“A House Divided” is a blog dedicated to news and issues of importance to Civil War enthusiasts across the country and around the world. Blogger Linda Wheeler and a panel of respected Civil War experts will debate and dissect historical issues and explore new concepts. Wheeler will also report on conferences and seminars, find little-known battlefields and sites to explore, keep track of local, national and international stories of interest to readers and provide advice on upcoming events.
Brag Bowling: President Lincoln suspended the Writ of Habeas Corpus along the military lines between Philadelphia and Annapolis in April; was it used primarily as a political tool to harass and intimidate residents?
General Sherman was famously quoted that , “War is Hell”. Suppression of internal dissent can prove hellish also. Maryland would prove to be the laboratory for many of President Abraham Lincoln’s more draconian policies. Lincoln early on recognized Maryland’s strategic and political importance and that Maryland could upset everything if she seceded. Washington D.C. would quickly fall upon secession and the loss of the nation’s capitol could jeopardize the entire war. A huge defeat as the war was beginning. Maryland needed to be pacified at any cost.
Lincoln knew he had little public support in Maryland. The 1860 election in Maryland provided zero electoral votes. Lincoln had to surreptitiously travel through Maryland to even reach Washington for his Inauguration. While there were pockets of pro-Union sentiment, Maryland was a Southern state and Baltimore was the epicenter of Confederate passion there.
Actual violence occurred on April 19 when hordes of Confederate sympathizers clashed with Massachusetts troops at the Pratt Street Station. Lincoln acted quickly by instituting a system of arbitrary arrests and suspension of the writ of habeas corpus. Nearly any form of political dissent would be treated as treasonous. A system of military tribunals without normal constitutional protections was instituted. Warrantless arrests and indefinite prison terms were now the norm. This was done despite the fact that the Constitution is quite specific in that Article 1, Section 9 provides that only Congress can suspend the writ of habeas corpus.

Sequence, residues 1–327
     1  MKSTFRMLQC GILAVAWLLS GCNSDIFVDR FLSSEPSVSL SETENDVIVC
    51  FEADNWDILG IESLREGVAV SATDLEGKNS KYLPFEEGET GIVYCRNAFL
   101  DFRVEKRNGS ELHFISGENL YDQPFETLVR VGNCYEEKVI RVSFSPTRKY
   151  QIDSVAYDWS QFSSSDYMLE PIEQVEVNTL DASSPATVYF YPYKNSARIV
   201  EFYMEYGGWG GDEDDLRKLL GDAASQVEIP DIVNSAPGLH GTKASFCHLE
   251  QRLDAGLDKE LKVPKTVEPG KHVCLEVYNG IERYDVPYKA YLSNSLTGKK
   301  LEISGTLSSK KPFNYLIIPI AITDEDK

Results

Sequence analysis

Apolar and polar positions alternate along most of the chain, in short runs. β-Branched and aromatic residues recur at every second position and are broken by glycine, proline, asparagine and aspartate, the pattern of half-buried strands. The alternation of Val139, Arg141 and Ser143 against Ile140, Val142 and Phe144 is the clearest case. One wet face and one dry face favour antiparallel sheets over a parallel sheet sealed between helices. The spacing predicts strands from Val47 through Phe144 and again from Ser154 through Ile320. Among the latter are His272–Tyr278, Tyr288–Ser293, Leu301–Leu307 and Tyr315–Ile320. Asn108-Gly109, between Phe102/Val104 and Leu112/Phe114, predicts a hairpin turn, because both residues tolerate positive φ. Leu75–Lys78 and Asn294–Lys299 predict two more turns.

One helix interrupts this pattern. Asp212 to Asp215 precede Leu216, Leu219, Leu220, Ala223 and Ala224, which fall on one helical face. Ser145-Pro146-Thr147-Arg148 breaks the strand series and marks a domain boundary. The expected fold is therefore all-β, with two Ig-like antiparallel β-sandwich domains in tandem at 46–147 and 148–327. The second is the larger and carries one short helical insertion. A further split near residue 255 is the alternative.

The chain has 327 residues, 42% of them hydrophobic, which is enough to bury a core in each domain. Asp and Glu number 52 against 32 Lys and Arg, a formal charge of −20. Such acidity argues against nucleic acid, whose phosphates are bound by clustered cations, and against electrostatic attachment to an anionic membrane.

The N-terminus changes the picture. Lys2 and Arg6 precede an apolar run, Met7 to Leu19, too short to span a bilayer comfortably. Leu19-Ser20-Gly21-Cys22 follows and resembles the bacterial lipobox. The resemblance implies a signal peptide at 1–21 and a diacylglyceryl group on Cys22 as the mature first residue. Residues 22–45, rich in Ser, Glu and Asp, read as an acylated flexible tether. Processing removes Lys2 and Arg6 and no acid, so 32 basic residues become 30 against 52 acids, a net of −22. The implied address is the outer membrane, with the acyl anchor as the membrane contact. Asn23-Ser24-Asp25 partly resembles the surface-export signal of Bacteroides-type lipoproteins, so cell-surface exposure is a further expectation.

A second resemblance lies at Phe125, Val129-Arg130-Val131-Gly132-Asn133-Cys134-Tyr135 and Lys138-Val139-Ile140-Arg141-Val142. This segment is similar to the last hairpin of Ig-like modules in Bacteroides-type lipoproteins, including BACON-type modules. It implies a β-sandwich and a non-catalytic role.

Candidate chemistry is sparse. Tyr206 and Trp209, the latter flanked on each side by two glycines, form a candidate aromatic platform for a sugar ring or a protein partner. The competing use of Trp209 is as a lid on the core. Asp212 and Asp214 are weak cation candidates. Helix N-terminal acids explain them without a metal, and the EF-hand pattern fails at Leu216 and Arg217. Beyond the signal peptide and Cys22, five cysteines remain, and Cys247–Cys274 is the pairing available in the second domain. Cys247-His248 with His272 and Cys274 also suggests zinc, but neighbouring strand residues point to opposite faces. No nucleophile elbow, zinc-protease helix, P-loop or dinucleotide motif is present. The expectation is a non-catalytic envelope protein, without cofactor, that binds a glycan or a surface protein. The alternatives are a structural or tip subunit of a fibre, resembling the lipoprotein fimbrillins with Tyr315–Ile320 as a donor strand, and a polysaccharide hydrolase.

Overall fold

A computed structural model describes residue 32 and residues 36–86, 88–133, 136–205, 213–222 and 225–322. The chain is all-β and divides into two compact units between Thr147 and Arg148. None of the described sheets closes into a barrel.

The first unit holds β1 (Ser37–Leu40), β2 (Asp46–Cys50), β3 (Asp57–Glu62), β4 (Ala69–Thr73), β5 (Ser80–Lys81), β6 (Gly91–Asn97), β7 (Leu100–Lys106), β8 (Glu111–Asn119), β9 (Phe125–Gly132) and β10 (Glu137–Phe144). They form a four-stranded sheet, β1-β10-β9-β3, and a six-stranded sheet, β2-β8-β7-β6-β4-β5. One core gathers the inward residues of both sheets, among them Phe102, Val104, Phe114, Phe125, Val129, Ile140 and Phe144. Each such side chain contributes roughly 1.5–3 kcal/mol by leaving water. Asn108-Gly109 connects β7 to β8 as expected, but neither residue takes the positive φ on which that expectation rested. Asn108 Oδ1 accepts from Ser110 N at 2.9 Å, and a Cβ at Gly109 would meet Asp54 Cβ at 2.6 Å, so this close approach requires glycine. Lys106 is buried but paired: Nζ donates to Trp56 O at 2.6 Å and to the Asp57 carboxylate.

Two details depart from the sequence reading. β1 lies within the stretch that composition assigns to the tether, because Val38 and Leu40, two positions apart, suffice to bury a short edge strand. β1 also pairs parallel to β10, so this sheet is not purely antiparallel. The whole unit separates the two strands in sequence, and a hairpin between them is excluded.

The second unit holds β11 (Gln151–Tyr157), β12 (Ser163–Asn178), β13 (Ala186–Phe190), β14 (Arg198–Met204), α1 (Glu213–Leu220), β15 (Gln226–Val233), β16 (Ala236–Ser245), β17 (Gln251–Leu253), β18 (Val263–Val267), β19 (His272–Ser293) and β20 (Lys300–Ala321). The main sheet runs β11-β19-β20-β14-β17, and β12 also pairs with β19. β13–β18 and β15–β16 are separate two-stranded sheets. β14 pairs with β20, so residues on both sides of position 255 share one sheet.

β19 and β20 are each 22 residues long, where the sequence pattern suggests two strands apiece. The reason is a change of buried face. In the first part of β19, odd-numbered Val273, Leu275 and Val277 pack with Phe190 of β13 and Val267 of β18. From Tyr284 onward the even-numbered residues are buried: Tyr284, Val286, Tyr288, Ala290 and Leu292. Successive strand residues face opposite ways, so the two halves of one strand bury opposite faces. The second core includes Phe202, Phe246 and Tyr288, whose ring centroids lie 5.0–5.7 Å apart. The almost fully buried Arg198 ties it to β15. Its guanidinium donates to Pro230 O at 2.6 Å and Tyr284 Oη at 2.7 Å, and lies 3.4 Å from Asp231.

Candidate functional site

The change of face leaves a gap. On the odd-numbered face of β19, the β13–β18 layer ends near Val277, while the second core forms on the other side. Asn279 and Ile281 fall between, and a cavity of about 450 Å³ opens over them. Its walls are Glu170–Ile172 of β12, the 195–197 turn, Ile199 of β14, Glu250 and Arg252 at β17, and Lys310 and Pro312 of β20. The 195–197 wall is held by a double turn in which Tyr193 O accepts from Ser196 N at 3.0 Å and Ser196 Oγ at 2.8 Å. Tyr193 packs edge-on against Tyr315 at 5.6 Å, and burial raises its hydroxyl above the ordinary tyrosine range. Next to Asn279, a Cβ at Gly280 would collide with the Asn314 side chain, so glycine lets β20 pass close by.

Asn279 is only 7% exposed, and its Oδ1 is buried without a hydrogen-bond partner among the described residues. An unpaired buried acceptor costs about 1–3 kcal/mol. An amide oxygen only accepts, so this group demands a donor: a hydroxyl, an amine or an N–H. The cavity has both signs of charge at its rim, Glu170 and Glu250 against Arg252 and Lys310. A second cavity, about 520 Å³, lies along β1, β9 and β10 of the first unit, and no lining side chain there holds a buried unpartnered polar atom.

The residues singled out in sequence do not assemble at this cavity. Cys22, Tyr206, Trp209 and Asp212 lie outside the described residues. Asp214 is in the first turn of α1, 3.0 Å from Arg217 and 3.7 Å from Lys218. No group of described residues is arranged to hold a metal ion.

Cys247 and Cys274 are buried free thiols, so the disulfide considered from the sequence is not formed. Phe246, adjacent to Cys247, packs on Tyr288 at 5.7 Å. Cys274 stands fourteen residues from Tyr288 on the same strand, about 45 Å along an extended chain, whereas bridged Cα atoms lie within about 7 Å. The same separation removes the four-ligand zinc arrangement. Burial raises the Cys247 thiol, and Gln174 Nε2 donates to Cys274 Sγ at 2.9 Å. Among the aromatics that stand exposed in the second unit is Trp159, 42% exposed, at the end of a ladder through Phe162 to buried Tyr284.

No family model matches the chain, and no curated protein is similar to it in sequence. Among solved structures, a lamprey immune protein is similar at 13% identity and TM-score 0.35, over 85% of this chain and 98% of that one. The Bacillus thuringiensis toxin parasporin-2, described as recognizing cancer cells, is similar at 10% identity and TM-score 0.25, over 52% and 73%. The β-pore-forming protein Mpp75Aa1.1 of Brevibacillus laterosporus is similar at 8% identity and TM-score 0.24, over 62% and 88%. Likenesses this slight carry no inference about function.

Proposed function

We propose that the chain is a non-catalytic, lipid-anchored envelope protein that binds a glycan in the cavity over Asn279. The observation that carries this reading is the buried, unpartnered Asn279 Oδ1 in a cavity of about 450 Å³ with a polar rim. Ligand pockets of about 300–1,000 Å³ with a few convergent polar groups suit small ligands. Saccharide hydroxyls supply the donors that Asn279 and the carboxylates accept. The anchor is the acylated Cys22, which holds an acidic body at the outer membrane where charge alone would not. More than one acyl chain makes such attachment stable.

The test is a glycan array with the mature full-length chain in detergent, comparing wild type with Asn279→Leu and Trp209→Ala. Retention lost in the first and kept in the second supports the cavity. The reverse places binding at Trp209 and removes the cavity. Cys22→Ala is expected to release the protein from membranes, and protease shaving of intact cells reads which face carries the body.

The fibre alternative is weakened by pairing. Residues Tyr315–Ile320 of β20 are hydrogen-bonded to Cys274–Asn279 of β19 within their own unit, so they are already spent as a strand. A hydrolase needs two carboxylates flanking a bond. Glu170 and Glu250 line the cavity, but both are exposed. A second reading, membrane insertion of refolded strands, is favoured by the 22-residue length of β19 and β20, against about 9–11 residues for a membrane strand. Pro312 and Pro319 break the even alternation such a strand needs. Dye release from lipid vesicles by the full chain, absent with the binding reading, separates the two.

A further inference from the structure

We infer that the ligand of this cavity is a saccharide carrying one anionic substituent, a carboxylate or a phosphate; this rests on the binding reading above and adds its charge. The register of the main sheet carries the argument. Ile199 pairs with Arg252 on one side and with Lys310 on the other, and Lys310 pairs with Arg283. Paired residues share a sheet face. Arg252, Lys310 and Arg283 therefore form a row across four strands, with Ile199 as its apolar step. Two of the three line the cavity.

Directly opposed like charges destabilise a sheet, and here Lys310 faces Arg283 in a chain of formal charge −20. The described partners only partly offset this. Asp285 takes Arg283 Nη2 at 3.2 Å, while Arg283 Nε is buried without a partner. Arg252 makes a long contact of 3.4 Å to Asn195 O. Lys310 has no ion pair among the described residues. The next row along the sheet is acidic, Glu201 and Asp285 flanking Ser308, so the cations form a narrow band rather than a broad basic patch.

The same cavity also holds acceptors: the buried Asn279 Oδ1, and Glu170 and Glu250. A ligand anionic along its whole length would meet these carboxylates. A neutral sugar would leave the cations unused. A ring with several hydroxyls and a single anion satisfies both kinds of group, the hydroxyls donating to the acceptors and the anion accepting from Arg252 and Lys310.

Lincoln’s unconstitutional actions resulted in the famed federal case of Ex Parte Merryman whereby Chief Justice Roger B. Taney rebuked Lincoln and called his actions illegal. Arrogantly, Lincoln ignored the decision and even had an arrest warrant issued for the Chief Justice. These actions served to quiet the judiciary who feared for their own liberty and that Lincoln would cause a total collapse of our constitutional system.
By suspending habeas corpus, Lincoln opened the floodgates of despotism, allowing soldiers and policemen to roam the streets and arrest anyone they didn’t like. This later included members of the Maryland General Assembly. On September 12 - 13, 51 arrests occurred when the Assembly was preparing to debate potential secession and the legislators were sent to Ft. McHenry. Lincoln had successfully destroyed the democratic process in Maryland. Among those joining the lawmakers at Ft. McHenry was the mayor of Baltimore, the police chief and marshall of Baltimore, and, on the anniversary of the writing of the Star Spangled Banner, Frank Key Howard, grandson of Francis Scott Key.
As the war continued, Lincoln added to a growing despotic bag of tricks. Nationally, press freedom was abridged by closing nearly 300 newspapers and imprisoning dissident editors. It is estimated that nearly 20,000 people were imprisoned without habeas corpus protection. Elections were often rigged (including Maryland). Abuse of Southerners became commonplace. Destruction of private property and wholesale burnings of cities brought war to a whole new ghastly meaning, all with the goal of creating an atmosphere of fear and intimidation among the civilian population.
Lincoln also punished his political opposition. His chief opponent in the North, Clement Vallandigham was arbitrarily arrested and deported to the south. Van Landingham’s offense was strictly as an anti-war critic and leader of the Democratic Party opposition. During Vietnam, one wonders how many sleepless nights President Lyndon Johnson lay pondering how he could control and punish his numerous anti-war critics in public, the media and in Congress. Harsh critics such as Sen. Robert Kennedy, journalist Walter Cronkite and Sen. J. William Fulbright did no more than Vallandigham. The difference was that Johnson refused to take the harsh measures Lincoln thrived on.